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Marine Ecology Progress Series

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MEPS 389:71-84 (2009)  -  DOI:

Nutrient versus herbivore control of macroalgal community development and coral growth on a Caribbean reef

Deron E. Burkepile1,2,*, Mark E. Hay1

1Georgia Institute of Technology, School of Biology, 310 Ferst Drive, Atlanta, Georgia 30332, USA
2Present address: Marine Sciences Program, Department of Biological Sciences, Florida International University, 3000 NE 151st Street, North Miami, Florida 33181, USA

ABSTRACT: Coral reefs are in global decline, with seaweeds replacing corals as spatial dominants. Overfishing of herbivores, anthropogenic eutrophication, and interactions between these factors have been postulated as causes, but long-term tests of these factors are uncommon. We factorially manipulated herbivorous fishes and nutrients at a depth of 16 to 18 m for 7 to 10 mo in 2 experiments over 2 yr. Herbivore exclusion increased algal cover by about 4 to 10×, algal biomass by 4 to 6×, and suppressed cover of crustose coralline algae by 80 to 100%. Nutrient enrichment had no effect on the cover or mass of upright algae, but altered species composition by suppressing cyanobacteria and facilitating red macroalgae in the absence of herbivores. Nutrient addition increased macroalgal species richness in the absence, but not the presence of herbivores. Feeding by herbivorous fishes increased by 3 to 13× on nutrient-enriched vs. control plots. This herbivory facilitated cover of crustose coralline algae, demonstrated that herbivores selectively target more nutritional prey, and suggested that herbivores could suppress macrophyte accumulation at sites with increased nutrient availability. Effects of fishes and nutrients on corals varied as a function of coral species. For the branching coral Porites porites, 56% of individuals exposed to fishes were completely consumed; however, individuals that survived grew 60 to 80% more in the presence of fishes. For Porites astreoides, exposure to fishes did not affect mortality, but increased net growth by 3 to 4 times. For this coral, nutrient addition decreased growth when exposed to fishes but not when protected from fishes, suggesting that fishes may have fed more on nutrient-enriched corals.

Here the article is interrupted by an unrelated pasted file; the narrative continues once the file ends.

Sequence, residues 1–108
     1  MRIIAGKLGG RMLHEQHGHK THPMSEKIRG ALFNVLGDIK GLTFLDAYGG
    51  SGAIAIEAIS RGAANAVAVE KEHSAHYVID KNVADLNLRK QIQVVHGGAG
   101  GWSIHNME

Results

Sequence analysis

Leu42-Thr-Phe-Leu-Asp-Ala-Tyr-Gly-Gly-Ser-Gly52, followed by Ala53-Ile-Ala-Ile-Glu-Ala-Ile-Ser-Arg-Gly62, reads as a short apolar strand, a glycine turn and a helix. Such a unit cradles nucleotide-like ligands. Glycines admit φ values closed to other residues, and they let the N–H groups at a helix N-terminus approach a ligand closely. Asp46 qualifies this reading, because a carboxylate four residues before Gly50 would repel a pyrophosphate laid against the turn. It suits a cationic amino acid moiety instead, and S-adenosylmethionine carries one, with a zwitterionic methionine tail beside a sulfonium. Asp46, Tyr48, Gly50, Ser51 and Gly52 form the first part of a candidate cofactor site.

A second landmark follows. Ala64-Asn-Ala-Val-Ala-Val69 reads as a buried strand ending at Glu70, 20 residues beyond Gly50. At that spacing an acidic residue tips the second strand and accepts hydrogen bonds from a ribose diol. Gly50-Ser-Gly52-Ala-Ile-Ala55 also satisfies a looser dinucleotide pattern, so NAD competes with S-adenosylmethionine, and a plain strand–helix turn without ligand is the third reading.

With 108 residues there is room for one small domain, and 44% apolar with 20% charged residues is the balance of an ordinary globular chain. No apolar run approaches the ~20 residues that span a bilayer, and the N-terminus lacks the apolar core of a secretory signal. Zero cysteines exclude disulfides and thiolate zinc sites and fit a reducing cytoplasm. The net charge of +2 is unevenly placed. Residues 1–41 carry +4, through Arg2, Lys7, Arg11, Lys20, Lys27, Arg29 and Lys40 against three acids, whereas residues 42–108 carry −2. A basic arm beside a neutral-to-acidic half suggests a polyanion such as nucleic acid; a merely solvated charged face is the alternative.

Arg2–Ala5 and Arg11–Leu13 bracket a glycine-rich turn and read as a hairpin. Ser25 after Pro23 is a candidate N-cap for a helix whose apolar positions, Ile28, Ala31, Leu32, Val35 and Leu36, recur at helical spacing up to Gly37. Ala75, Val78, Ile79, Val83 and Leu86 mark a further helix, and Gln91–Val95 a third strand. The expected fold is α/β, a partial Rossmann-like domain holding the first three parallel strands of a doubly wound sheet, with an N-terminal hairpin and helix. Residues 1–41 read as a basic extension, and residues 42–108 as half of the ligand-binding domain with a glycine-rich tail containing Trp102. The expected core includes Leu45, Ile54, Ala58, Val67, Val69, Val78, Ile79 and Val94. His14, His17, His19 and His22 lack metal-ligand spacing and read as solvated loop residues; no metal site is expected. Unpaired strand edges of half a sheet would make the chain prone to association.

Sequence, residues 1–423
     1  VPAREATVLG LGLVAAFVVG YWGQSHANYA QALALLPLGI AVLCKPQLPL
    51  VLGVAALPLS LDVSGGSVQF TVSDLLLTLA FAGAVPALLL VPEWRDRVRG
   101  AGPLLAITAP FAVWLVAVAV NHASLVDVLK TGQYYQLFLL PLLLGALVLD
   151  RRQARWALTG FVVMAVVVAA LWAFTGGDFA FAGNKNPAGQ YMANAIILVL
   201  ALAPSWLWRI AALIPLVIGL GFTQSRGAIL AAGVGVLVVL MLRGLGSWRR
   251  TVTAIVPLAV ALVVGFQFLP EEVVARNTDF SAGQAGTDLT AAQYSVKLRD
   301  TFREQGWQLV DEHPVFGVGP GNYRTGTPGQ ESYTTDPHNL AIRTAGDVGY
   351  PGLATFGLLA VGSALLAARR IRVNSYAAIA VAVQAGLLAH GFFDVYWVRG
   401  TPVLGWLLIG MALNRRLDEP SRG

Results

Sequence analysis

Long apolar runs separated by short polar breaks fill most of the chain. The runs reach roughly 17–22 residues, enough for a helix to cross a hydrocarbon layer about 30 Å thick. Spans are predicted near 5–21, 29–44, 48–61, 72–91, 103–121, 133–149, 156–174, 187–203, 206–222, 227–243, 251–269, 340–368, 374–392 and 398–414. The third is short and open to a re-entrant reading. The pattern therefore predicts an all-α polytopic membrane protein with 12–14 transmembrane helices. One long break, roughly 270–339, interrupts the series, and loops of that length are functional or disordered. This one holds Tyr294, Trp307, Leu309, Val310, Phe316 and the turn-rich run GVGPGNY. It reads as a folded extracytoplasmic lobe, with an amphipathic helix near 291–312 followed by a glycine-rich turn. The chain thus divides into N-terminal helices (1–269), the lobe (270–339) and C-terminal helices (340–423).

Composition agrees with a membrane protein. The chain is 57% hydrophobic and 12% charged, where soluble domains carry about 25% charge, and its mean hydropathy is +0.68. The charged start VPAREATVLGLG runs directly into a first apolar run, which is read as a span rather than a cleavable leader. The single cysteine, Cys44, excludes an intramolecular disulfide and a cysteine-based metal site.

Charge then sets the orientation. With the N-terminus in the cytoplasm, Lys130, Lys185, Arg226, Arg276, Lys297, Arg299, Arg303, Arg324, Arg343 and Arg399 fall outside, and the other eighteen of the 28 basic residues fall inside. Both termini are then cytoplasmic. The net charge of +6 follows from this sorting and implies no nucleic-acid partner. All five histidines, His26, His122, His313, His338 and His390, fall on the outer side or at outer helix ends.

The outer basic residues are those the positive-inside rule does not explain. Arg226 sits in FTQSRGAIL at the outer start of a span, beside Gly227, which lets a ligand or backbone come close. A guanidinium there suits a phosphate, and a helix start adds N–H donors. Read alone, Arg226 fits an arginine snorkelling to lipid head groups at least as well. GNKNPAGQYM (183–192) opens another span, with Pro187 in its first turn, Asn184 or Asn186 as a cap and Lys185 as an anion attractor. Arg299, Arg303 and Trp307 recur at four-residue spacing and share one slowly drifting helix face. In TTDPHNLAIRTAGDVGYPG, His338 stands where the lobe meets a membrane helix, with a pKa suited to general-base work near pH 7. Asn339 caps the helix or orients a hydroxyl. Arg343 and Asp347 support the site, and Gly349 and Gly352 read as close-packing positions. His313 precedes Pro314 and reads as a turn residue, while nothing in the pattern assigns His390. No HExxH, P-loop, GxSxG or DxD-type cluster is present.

KEY WORDS: Eutrophication · Overfishing · Parrotfish · Selective grazing · Surgeonfish · Plant–herbivore interactions

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Cite this article as: Burkepile DE, Hay ME (2009) Nutrient versus herbivore control of macroalgal community development and coral growth on a Caribbean reef. Mar Ecol Prog Ser 389:71-84.

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